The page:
|2.5 kg||flour — cake|
|250 ml||white sugar|
|water — warm|
|10 ml||instant dried yeast|
|parsley leaves — finely chopped|
|for the mogodu:|
|1 kg||sheep tripe — cleaned|
|750 ml||stock — beef|
|1||onion — roughly chopped|
|4||allspice — berries|
|freshly ground black pepper|
|½ tsp||coriander — ground|
|1||rosemary — chopped|
For the ledombolo:
Mix the flour, sugar and salt.
Pour about a cup of warm water into a jug, add the yeast and allow to foam.
Now add the water and yeast mixture to the flour mixture.
Slowly add more warm water and mix (either with your hands or with a mixer with a dough hook attached).
Add the chopped parsley as you mix.
Once the dough becomes soft and pliable, stop adding water and begin kneading.
If using a mixer, mix until the dough starts pulling away from the sides of the bowl; if by hand knead for 15 mins.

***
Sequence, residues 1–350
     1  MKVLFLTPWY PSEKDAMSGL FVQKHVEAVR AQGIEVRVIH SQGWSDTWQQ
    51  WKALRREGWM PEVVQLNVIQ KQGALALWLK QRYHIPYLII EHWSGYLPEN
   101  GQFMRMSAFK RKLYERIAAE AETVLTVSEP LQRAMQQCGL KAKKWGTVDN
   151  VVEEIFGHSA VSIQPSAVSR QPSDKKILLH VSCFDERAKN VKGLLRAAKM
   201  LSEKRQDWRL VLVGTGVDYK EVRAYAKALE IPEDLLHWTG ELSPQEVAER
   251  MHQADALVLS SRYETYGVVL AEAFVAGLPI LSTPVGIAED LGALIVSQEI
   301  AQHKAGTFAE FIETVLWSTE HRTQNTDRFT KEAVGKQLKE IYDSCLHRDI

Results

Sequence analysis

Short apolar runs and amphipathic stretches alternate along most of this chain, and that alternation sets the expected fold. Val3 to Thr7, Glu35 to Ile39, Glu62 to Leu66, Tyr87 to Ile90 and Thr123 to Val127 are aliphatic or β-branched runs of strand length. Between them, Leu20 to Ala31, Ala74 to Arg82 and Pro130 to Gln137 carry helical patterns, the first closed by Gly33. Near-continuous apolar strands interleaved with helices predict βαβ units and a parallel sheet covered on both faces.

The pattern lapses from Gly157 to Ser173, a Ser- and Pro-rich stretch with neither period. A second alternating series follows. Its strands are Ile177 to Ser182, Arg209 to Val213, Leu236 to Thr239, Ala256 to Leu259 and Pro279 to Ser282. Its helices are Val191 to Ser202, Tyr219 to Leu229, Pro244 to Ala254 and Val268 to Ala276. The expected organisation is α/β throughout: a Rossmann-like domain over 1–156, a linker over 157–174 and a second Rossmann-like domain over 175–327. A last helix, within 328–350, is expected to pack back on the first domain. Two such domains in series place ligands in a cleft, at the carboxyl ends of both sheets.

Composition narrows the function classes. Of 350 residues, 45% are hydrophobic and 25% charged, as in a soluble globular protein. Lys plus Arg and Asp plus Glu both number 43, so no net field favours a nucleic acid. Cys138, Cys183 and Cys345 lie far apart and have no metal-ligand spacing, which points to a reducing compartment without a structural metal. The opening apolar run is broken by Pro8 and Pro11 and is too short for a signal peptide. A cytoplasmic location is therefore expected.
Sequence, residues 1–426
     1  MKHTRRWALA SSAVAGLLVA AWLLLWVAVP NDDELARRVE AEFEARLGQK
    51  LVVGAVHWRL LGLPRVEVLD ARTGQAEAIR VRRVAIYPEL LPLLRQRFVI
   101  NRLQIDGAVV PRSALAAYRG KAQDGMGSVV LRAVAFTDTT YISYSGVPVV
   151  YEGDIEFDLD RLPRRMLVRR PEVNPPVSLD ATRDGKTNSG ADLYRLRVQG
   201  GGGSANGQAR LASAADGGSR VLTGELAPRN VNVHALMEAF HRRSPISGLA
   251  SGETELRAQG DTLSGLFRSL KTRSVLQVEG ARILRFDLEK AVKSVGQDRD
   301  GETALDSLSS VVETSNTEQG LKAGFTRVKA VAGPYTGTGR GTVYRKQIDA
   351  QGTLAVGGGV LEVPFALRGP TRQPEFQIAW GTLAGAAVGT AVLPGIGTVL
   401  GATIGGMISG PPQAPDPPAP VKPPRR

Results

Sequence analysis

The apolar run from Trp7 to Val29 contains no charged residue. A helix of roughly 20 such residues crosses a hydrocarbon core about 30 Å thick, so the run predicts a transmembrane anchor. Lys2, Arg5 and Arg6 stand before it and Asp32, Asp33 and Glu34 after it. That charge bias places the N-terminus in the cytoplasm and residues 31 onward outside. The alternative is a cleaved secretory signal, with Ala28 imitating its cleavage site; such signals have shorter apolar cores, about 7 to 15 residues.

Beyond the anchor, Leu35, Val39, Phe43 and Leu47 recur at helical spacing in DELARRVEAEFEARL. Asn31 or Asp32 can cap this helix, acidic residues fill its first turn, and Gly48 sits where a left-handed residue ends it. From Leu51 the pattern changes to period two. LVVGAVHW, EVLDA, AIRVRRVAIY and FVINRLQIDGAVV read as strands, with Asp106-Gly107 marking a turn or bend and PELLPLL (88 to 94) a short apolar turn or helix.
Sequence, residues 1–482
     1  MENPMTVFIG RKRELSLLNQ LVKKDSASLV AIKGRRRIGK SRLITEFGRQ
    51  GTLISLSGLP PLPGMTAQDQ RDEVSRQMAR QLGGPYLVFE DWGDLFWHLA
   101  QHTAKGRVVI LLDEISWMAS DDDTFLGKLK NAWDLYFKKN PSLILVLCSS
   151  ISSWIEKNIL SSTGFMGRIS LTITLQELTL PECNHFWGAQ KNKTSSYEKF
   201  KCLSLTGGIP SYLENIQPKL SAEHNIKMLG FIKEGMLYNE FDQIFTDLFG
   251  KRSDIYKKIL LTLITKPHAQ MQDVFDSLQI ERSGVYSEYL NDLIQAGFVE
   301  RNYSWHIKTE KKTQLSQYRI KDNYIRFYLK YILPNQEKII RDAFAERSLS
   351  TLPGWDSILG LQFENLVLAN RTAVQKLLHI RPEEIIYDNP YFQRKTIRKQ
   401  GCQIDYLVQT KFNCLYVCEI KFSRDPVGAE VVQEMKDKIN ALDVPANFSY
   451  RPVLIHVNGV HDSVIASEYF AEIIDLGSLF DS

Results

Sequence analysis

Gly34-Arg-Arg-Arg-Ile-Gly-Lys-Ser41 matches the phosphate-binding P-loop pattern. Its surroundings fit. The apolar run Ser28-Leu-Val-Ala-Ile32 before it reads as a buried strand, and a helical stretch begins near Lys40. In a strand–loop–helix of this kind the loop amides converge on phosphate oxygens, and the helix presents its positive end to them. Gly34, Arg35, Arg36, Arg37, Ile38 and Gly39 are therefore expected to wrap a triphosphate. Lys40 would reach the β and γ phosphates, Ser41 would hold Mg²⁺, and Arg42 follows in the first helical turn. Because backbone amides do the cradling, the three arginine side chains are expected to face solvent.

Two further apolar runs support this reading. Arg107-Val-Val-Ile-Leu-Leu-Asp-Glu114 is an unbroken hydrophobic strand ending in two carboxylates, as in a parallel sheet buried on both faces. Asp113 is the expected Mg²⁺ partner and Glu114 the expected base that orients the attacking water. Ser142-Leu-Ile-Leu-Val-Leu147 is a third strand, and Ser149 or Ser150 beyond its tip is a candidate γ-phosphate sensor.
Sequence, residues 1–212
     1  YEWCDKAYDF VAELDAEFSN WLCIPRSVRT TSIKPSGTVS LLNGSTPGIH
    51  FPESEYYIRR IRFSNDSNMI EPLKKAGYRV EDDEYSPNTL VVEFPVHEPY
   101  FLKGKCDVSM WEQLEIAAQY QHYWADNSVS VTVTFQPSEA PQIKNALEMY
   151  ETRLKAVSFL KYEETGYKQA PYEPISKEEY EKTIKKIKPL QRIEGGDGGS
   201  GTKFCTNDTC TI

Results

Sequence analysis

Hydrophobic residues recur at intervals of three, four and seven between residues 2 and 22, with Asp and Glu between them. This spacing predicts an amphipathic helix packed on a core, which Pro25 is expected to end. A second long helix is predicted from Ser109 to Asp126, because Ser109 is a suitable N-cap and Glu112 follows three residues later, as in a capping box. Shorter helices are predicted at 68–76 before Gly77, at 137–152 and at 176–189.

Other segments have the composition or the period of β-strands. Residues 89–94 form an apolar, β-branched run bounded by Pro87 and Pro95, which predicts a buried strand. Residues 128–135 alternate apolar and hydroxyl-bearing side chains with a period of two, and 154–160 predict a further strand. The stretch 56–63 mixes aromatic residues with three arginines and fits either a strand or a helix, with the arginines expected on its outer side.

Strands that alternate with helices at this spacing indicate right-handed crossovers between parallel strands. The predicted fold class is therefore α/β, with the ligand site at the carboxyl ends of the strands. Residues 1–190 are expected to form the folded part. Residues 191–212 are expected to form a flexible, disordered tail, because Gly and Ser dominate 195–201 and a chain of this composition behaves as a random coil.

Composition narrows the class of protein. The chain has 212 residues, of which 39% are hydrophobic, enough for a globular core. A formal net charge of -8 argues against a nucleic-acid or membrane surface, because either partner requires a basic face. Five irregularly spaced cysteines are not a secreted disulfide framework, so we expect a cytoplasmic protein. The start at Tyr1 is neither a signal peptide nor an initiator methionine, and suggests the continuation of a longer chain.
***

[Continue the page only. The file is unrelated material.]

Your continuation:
Place the dough in a bowl and cover with a damp, warm cloth or plastic wrap brushed with oil.
Proof until double in size.
Knock the dough back by punching it a few times by hand.
If making a stew, roll into equal-sized balls and place in the simmering stew.
They are ready when a toothpick pricked into one of them comes out clean.
For the mogodu:
Rinse and ensure the tripe is clean and then cut it (using a sharp pair of kitchen scissors) into pieces.
I prefer my pieces to be relatively large, about the size of a spoon.
Place all the ingredients in a pot.
If the beef stock doesn’t cover the tripe completely, then add enough to cover it.
Bring the entire mixture to the boil.
Once boiling rapidly, reduce the heat to low and allow the pot to simmer with a half open lid (or a lid with an air vent) for about 2 hours.
Test the tripe: if it isn’t soft enough then let it simmer longer.
Remove the lid completely and increase the heat a little to reduce the liquid in the pot to a thick sauce.
Only season with salt towards the end of the cooking process.
Recipe extract from My Food, My Journey by Lesego Semenya.